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Agenda 21, Chapter 12

Distr.
GENERAL
A/CONF.151/26 (Vol. II),
13 August 1992

ORIGINAL: ENGLISH

REPORT OF THE UNITED NATIONS CONFERENCE ON ENVIRONMENT AND DEVELOPMENT

(Rio de Janeiro, 3-14 June 1992)

Chapter 12

MANAGING FRAGILE ECOSYSTEMS: COMBATING DESERTIFICATION AND DROUGHT

INTRODUCTION

12.1. Fragile ecosystems are important ecosystems, with unique features and
resources. Fragile ecosystems include deserts, semi-arid lands, mountains,
wetlands, small islands and certain coastal areas. Most of these ecosystems
are regional in scope, as they transcend national boundaries. This chapter
addresses land resource issues in deserts, as well as arid, semi-arid and dry
sub-humid areas. Sustainable mountain development is addressed in chapter 13;
small islands and coastal areas are discussed in chapter 17.

12.2. Desertification is land degradation in arid, semi-arid and dry
sub-humid areas resulting from various factors, including climatic variations
and human activities. Desertification affects about one sixth of the world's
population, 70 per cent of all drylands, amounting to 3.6 billion hectares,
and one quarter of the total land area of the world. The most obvious impact
of desertification, in addition to widespread poverty, is the degradation of
3.3 billion hectares of the total area of rangeland, constituting 73 per cent
of the rangeland with a low potential for human and animal carrying capacity;
decline in soil fertility and soil structure on about 47 per cent of the
dryland areas constituting marginal rainfed cropland; and the degradation of
irrigated cropland, amounting to 30 per cent of the dryland areas with a high
population density and agricultural potential.

12.3. The priority in combating desertification should be the implementation
of preventive measures for lands that are not yet degraded, or which are only
slightly degraded. However, the severely degraded areas should not be
neglected. In combating desertification and drought, the participation of
local communities, rural organizations, national Governments, non-governmental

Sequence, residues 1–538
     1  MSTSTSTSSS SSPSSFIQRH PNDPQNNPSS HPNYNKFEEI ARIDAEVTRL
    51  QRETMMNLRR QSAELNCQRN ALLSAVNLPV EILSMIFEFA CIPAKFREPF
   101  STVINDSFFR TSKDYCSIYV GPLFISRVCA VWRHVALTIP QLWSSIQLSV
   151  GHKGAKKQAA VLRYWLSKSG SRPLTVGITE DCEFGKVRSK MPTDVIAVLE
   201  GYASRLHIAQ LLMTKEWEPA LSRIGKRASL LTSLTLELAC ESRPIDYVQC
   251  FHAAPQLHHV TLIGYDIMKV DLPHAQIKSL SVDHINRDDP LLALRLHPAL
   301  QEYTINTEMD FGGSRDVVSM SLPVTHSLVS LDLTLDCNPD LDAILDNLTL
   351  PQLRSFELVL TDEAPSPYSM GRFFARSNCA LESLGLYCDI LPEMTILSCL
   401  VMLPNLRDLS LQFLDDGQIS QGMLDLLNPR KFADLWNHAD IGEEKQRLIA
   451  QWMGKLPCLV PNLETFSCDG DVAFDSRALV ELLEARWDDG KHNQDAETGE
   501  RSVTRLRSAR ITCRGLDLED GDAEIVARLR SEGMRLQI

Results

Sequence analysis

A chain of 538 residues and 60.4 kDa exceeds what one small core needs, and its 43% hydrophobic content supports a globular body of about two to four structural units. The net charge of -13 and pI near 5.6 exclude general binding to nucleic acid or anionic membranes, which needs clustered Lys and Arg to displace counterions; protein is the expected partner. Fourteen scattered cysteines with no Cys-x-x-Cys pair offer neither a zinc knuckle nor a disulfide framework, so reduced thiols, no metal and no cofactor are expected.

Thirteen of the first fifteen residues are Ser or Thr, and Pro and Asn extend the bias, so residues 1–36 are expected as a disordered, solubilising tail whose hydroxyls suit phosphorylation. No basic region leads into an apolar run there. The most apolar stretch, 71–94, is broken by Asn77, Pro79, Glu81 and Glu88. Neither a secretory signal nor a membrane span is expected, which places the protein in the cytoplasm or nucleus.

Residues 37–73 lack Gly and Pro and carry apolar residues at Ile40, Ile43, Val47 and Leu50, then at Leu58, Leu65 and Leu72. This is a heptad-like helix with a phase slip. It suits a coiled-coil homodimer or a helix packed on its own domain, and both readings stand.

organizations and international and regional organizations is essential.

12.4. The following programme areas are included in this chapter:

(a) Strengthening the knowledge base and developing information and
monitoring systems for regions prone to desertification and drought, including
the economic and social aspects of these ecosystems;

(b) Combating land degradation through, inter alia, intensified soil
conservation, afforestation and reforestation activities;

(c) Developing and strengthening integrated development programmes for
the eradication of poverty and promotion of alternative livelihood systems in
areas prone to desertification;

(d) Developing comprehensive anti-desertification programmes and
integrating them into national development plans and national environmental
planning;

(e) Developing comprehensive drought preparedness and drought-relief
schemes, including self-help arrangements, for drought-prone areas and
designing programmes to cope with environmental refugees;

(f) Encouraging and promoting popular participation and environmental
education, focusing on desertification control and management of the effects
of drought.

PROGRAMME AREAS

A. Strengthening the knowledge base and developing information
and monitoring systems for regions prone to desertification
and drought, including the economic and social aspects of
these ecosystems

Basis for action

12.5. The global assessments of the status and rate of desertification
conducted by the United Nations Environment Programme (UNEP) in 1977, 1984 and
1991 have revealed insufficient basic knowledge of desertification processes.